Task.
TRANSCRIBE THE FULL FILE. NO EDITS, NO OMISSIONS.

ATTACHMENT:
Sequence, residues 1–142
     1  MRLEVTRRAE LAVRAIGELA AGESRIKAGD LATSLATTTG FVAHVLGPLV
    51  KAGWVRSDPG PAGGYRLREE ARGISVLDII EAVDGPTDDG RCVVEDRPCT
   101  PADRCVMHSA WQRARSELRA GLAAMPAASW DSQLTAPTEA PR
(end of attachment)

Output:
Sequence, residues 1–142
     1  MRLEVTRRAE LAVRAIGELA AGESRIKAGD LATSLATTTG FVAHVLGPLV
    51  KAGWVRSDPG PAGGYRLREE ARGISVLDII EAVDGPTDDG RCVVEDRPCT
   101  PADRCVMHSA WQRARSELRA GLAAMPAASW DSQLTAPTEA PR